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Lucile

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Title Saga of the Sanpitch Vol 28
Subject Pioneers
Description Stories and poems about early Southern Utah Pioneers
Publisher Snow College
Date 1996
Type Text
Format image/jpeg
Language eng
Rights Management Snow College
Holding Institution Snow College
ARK ark:/87278/s6m043j1
Setname snowc_sts
Date Created 2005-03-01
Date Modified 2005-03-01
ID 326790
Reference URL https://collections.lib.utah.edu/ark:/87278/s6m043j1

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Title Lucile
Description stockings in winter and in summer white cotton. When her father returned from his mission, the porches were finished, and an open stairway was built in the front hall. Now she could have her own room upstairs. In one corner of her bedroom hung a beautiful doll with a china head, blonde curls, eyes that opened and shut, china hands and high black shoes. She wore a heavenly blue silk dress. Often, the author wished she could take her down and play with her. But. no, she Just hung there. Lately on a visit to Lucile, I found the reason: The doll had no body, just straps to connect china head, hands, and the shoes. Lucile attended school in the three-story, red brick Schoolhouse that was hailed as the "most modem Schoolhouse south of Salt Lake City." It was built in 1894. Its two entrances led into large, wide halls with wooden, oiled steps which led upward to the next floor. Each classroom had its own large hall in which students could hang their coats. All floors were oiled. In 1901 the first electric lights were installed near the Manti Tabernacle and perhaps at that time electricity was introduced in each room of the school. This building had no telephone, no restrooms inside the building and no fire escape. Lucile was an adept student as she progressed from grade to grade. Perhaps she attended seventh and eighth grades in the newly built 1905 white brick, three-story Manti high school building on the northwest corner of the Tabernacle block. In 1902 her father, L.R. Anderson, was elected mayor of Manti. Our city had suffered for years with floods coming from Manti Canyon and wreaking havoc over the city (Manti) streets. While he was mayor, he was instrumental in getting a dam built at the mouth of Manti Canyon to hold back a settling pond and much debris such as rocks, trees, and brush that had come down with the water. The dam cost $3,000. Also at this time, Mr. Anderson pointed out the need to locate springs and water outlets in the canyon and file on them, only to have the City Council vote "No." They said Manti controlled that water, and all the water rights belonged to the people of Manti City. No need to worry or file on Manti Canyon water. Later, her father was elected to the Utah State Legislature and rather than drive on weekends back to Manti, he moved his family to Salt Lake City to live near the Eagle Gate. Lucile was attending Manti High School then. During their stay in Salt Lake City she attended the LDS High School. 82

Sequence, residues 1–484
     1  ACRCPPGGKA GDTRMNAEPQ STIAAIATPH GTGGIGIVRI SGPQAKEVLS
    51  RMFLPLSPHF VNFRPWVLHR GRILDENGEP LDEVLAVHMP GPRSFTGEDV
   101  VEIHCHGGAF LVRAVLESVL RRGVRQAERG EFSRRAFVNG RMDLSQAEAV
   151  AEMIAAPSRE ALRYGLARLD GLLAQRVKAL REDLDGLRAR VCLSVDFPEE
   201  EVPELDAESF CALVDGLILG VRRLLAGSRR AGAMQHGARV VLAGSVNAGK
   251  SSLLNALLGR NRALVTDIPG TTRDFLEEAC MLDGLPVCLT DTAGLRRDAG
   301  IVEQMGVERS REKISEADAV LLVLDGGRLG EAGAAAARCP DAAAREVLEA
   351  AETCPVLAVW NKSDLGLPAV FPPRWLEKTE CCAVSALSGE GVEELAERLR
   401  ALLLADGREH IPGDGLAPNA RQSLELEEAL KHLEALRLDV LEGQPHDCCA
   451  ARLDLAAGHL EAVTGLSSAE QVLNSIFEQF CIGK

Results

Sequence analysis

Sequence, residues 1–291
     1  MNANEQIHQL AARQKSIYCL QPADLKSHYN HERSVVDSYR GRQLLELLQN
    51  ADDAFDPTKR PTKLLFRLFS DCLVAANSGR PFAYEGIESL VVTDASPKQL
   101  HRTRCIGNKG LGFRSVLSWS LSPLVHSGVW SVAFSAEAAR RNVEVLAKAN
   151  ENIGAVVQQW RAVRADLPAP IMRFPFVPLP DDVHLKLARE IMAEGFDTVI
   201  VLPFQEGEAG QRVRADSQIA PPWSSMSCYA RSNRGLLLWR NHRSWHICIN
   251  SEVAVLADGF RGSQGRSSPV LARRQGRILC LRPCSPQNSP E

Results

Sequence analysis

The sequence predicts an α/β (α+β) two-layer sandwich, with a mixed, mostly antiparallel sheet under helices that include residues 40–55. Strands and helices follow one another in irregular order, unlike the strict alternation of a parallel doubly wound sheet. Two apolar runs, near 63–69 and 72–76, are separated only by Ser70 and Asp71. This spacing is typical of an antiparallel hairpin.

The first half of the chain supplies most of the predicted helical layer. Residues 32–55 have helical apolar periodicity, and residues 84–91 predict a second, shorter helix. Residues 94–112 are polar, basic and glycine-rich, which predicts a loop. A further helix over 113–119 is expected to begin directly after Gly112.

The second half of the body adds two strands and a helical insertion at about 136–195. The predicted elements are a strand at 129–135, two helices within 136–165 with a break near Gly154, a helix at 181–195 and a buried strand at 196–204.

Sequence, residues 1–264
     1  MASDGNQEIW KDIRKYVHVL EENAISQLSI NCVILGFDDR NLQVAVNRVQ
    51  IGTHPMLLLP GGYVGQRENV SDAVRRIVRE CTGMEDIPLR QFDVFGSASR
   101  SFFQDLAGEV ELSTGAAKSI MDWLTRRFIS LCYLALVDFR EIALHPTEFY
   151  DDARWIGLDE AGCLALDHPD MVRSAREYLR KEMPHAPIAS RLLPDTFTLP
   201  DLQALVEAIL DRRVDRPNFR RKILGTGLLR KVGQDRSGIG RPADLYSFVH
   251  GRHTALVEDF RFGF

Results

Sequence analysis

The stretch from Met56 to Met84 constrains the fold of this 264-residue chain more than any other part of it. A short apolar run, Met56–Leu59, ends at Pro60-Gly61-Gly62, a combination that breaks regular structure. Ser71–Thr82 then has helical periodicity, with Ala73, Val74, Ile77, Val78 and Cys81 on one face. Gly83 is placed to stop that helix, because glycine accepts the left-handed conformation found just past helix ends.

Format image/jpeg
Identifier 091_Lucile.jpg
Source Saga of the Sanpitch Vol 28
Setname snowc_sts
Date Created 2005-02-23
Date Modified 2005-02-23
ID 326739
Reference URL https://collections.lib.utah.edu/ark:/87278/s6m043j1/326739